Criminal Justice
 

Bids to monitor NOPD reforms under consent decree vary widely

The city Wednesday morning made available for public viewing posted wide-ranging bids from seven companies vying to be selected as police monitor under terms of an impending federal consent decree with the New Orleans Police Department.

Correction: The city made the bids available for public viewing, but they are not posted online.

The monitor will be charged with ensuring that the decree’s mandates are enacted. The would-be monitors offered bids from about $7 million to $12 million over the four-year contract period.

  • Chicago-based Hillard Heintze presented a bid of about $1.5 million a year in labor costs, plus an additional 18 percent in expenses, for a total estimated bid of about $7 million, the lowest tendered.*
  • Pugh, Jones and Johnson capped their four-year fee at $8.3 million, all expenses included. The Chicago-based firm listed a New Orleans address on the bid cover sheet.
  • Vigilant Resources International, run by Howard Safir, a former New York City police and fire chief, bid $8.7 million.
  • New York-based Keypoint Government Solutions offered an aggregate bid of $7.55 million that tops out at $9 million when travel expenses are added.
  • California-based Elite Performance Assessment Consultant (EPAC) wants $2.9 million in the first year, and about $2 million annually after that, for a total of about $9 million over the span of the contract.
  • BDO Consulting out of Houston would charge $9.95 million over four years, or between $2.2 million and $2.6 million annually.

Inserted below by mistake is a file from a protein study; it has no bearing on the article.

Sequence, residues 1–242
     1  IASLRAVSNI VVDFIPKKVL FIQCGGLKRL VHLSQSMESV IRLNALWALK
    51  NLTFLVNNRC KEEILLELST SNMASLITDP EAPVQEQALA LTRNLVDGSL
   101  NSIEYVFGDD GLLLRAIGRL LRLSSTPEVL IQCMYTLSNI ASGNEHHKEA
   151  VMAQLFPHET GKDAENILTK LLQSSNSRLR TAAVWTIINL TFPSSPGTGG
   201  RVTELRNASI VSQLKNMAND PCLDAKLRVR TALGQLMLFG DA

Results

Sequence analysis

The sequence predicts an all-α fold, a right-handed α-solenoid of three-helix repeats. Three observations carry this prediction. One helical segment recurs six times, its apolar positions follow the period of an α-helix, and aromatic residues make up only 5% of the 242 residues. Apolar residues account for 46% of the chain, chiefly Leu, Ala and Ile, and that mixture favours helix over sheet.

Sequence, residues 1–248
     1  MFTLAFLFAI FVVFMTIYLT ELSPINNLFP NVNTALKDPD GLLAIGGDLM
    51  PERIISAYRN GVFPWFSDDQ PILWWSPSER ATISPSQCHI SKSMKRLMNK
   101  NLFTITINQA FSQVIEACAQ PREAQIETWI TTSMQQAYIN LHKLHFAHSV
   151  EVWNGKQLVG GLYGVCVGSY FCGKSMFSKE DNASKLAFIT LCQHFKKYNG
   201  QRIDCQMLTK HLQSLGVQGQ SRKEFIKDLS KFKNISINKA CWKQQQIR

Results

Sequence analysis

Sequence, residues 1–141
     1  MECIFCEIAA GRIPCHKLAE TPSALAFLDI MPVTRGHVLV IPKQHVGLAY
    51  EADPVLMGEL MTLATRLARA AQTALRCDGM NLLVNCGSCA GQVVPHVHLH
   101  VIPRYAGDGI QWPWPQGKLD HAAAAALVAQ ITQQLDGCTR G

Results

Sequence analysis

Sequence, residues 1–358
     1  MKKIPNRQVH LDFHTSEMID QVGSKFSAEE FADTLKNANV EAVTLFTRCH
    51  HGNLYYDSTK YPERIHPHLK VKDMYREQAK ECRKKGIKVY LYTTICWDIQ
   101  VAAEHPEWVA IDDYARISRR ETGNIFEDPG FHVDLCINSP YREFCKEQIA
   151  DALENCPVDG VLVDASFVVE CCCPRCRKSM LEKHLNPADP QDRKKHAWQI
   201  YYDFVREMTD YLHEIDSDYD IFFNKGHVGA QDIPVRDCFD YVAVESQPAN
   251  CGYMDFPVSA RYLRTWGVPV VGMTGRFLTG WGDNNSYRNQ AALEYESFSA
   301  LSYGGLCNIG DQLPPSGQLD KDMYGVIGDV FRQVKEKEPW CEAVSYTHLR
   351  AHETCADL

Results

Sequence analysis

• Guidepost Solutions, headquartered in New York City,  listed hourly rates ($275 to $500) for a team of lawyers. Total costs would be capped at $12 million over four years.

*Correction: The original version of this story incorrectly stated that the Hillard Heintze proposal was for $7.2 million. It’s $7 million, as noted in the current version. (May 2, 2013)

Help us report this story     Report an error    
The Lens' donors and partners may be mentioned or have a stake in the stories we cover.
  • http://none Holly Wiseman

    Is the City required to take the low bidders, or are factors other than cost taken into consideration?

  • Jay

    No, the city is not required to take the low bidder. There is a combination of factors which will be used to determine who will be awarded with price being a very important one. Some other factors include the company’s financial condition,and their past performance in the kind of work they are bidding on.